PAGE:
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Only in BJP India:
Breakup as abetment to suicide

BJP [political party with Hindu nationalist ideology] MLA [Member of the Legislative Assembly] R. K. [I do not wish to publicize the MLA’s name on this blog] said if there is any love-jihad angle in actor [actress] Tunisha Sharma’s suicide, then the police will probe that and take strict action. The BJP MLA added the communal angle after Tunisha’s co-actor Sheezan Mohammed Khan was arrested and sent to police custody for four days based on the complaint [for abetment to suicide] by Tunisha’s mother.” (Hindustan Times, YouTube, Dec 2022)

The love-jihad spin deserves some explanation first, for a Western readership. Some Hindus believe that Muslims practice a form of jihad these Hindus call “love jihad,” which takes the form of relationships between Muslim males and Hindu females, the aim of which would be to alienate the latter from their religious community and any other malice conceivable. And now to the point.

Breaking with one’s lover is not abetment to suicide. First of all, extramarital relationships are not protected by law. When you are dropped like a bag of dirt, you get a broken heart, whether you can live with it or not. If you want your relationship to be protected, do not consent to anything outside marriage.

“The FIR [first information report] says that the breakup may have pushed Tunisha to the edge.” A man arrested for breaking up with his girlfriend is the salient and weird piece of news here. The love-jihad spin by a MLA was unfortunately predictable, given the arrested man is a Muslim; it is the predictable and deplorable sequel of something unexpected and very lawfare-like. Merely breaking with one’s girlfriend is not abetment to suicide, which requires intent and some form of direct incitement and/or active psychological pressure. Even if the breakup were the direct cause of suicide, it still would not be abetment, absent further elements hinting at intent and pressure; therefore, that such a vague FIR (“breakup may have pushed Tunisha to the edge”) can serve to arrest a man is appalling. The police themselves may be engulfed in love-jihad fantasies and prejudice, to allow this.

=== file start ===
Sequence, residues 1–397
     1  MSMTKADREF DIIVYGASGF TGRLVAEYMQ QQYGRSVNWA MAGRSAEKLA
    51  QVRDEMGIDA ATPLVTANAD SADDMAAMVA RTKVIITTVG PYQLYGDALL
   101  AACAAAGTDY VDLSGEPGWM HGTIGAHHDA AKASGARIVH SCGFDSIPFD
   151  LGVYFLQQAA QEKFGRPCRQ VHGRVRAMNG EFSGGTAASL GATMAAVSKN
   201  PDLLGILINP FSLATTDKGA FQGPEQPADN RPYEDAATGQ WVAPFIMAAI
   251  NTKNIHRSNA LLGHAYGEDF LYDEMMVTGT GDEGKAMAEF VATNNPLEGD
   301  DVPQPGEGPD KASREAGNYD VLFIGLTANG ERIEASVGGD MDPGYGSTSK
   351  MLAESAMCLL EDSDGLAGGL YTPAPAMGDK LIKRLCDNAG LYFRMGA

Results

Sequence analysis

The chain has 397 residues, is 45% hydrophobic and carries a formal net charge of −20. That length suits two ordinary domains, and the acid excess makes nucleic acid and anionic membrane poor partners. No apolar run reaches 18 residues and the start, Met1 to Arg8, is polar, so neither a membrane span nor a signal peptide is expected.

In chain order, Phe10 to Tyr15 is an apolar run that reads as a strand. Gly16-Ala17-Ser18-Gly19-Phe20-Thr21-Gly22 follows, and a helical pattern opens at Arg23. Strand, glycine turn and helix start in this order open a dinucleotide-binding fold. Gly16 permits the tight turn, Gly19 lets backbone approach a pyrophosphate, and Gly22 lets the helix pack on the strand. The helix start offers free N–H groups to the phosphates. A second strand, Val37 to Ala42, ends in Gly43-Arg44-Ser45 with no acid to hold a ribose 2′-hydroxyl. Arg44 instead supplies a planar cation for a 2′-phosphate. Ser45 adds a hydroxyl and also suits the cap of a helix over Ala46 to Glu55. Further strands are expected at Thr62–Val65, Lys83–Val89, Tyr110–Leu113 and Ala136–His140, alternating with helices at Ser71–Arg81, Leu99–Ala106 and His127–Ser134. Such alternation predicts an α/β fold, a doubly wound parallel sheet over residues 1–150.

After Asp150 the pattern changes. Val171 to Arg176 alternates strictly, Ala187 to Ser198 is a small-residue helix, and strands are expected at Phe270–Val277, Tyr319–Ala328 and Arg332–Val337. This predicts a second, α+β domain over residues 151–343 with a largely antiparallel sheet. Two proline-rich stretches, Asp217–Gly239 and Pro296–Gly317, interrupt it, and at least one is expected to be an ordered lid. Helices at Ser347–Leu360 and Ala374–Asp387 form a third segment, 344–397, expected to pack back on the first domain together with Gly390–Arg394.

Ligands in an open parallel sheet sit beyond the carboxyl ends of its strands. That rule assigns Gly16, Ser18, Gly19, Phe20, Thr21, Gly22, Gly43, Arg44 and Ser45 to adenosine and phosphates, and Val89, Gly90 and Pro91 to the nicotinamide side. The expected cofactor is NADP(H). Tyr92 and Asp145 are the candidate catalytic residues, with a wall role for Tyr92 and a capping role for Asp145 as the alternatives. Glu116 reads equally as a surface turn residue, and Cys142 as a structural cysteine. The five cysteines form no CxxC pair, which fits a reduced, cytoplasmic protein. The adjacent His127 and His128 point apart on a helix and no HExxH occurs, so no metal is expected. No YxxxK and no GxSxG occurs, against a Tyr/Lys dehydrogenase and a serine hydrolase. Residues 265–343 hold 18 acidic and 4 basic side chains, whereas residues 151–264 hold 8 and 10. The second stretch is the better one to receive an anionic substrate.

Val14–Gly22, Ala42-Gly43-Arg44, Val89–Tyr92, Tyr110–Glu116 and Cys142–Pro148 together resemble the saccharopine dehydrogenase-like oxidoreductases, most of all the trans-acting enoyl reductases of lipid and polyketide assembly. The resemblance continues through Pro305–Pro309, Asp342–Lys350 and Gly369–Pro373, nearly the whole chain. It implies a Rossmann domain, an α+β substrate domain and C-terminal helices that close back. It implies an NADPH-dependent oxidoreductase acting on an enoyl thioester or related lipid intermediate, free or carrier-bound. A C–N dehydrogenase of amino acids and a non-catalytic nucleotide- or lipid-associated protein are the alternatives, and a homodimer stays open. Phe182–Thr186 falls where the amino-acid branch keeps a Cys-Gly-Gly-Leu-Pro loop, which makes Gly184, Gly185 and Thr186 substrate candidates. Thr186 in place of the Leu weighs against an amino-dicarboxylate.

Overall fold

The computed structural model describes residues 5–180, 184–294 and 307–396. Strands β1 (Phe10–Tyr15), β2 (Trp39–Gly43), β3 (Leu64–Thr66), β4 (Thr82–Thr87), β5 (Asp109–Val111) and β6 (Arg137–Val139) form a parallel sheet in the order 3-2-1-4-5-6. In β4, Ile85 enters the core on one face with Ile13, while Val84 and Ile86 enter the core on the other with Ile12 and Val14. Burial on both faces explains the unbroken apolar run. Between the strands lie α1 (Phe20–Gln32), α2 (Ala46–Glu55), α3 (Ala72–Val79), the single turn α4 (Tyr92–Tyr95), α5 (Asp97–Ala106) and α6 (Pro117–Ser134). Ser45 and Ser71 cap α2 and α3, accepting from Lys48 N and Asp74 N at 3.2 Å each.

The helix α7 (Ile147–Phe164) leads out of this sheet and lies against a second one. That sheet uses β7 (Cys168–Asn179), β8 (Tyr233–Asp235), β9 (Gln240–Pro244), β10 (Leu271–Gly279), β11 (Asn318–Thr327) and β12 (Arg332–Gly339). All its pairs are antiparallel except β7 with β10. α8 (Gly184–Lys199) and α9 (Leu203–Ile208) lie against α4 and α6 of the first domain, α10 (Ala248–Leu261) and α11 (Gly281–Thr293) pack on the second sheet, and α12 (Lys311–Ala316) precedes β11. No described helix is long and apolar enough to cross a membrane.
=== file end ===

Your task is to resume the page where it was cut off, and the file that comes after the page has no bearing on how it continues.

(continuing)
“Cops … maintain that there is no angle of blackmailing or love jihad yet.” So why was Sheezan Khan arrested? Do they intend to torture him to get false confessions? The mother’s declarations, as described, do not support the case for abetment to suicide. There used to be, in Western countries, a crime of fraudulent or deceitful seduction (tentative translation of French “séduction dolosive”), which would apply to false promises of marriage as alleged by the mother. However, it is obsolete in the liberal “emancipated” West, and as India is so eager to be as liberal as the West on morality issues, I believe it does not exist in India either. But to talk, in lieu of this, of abetment to suicide, on the grounds presented, is frivolous.

Sheezan Khan has nothing to do in police custody. Police said there is no blackmailing or love-jihad angle “yet,” and the complaint for abetment to suicide is frivolous: to presume intent to abet suicide in a breakup is unwarranted. A man being grilled in police custody after his lover’s suicide is appalling publicity for the Indian regime; it is outrageous. In any case, a breakup cannot per se give enough reasons to presume intent to abet suicide, or love jihad, or blackmail, or whatever, and arrest a man.

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Gujarat Shocker: BSF [Border Security Force] Jawan [soldier] lynched after fight over his daughter’s ‘obscene’ video. The soldier along with his wife had decided to confront the accused teenager for allegedly circulating the video. However, on raising the issue with the teenager’s parents, the accused’s family attacked them.” (Hindustan Times, YouTube, Dec 2022)

The more liberalism ruins authority within the family and community, the more it is compelled to repair its mistakes with harsh liberticidal legislation, such as against so-called revenge porn. Liberalism is against families because it is against freedom. If you don’t want obscene videos of yourself on the web, then don’t allow videos to be made of you to begin with. Liberal laws do not have in view payment for acts but rather shielding from payment for acts. You agree that a video is made of you, but you call the police when it is released; yet it is you allowed the release by allowing the video to be made. You’re asking the state to repair your own mistakes. You were lured by promises of lustful liberty and now you beg the police to beat up your lovers with bludgeons and torture them in dark cellars. You are the ones asking for a police state.

In police states, women have their lovers killed by police in basements to prevent revenge porn. Termination is paid by the taxpayer. What kind of state is India?

In France, revenge porn is admissible evidence in a divorce case, yet it is a crime. Think about it.

A man should not marry a woman whose obscene videos are circulating on the internet.